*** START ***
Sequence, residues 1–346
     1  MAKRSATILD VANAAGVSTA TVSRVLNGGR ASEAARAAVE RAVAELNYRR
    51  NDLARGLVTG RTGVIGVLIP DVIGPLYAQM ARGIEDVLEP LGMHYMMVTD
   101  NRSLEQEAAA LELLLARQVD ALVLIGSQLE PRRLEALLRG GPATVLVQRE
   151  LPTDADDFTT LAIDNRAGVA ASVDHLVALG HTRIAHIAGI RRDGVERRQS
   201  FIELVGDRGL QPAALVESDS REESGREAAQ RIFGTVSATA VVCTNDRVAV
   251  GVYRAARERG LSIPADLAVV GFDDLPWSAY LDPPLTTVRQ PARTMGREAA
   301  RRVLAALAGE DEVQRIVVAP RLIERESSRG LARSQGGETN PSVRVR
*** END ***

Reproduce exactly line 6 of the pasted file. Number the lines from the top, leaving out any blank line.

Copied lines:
   201  FIELVGDRGL QPAALVESDS REESGREAAQ RIFGTVSATA VVCTNDRVAV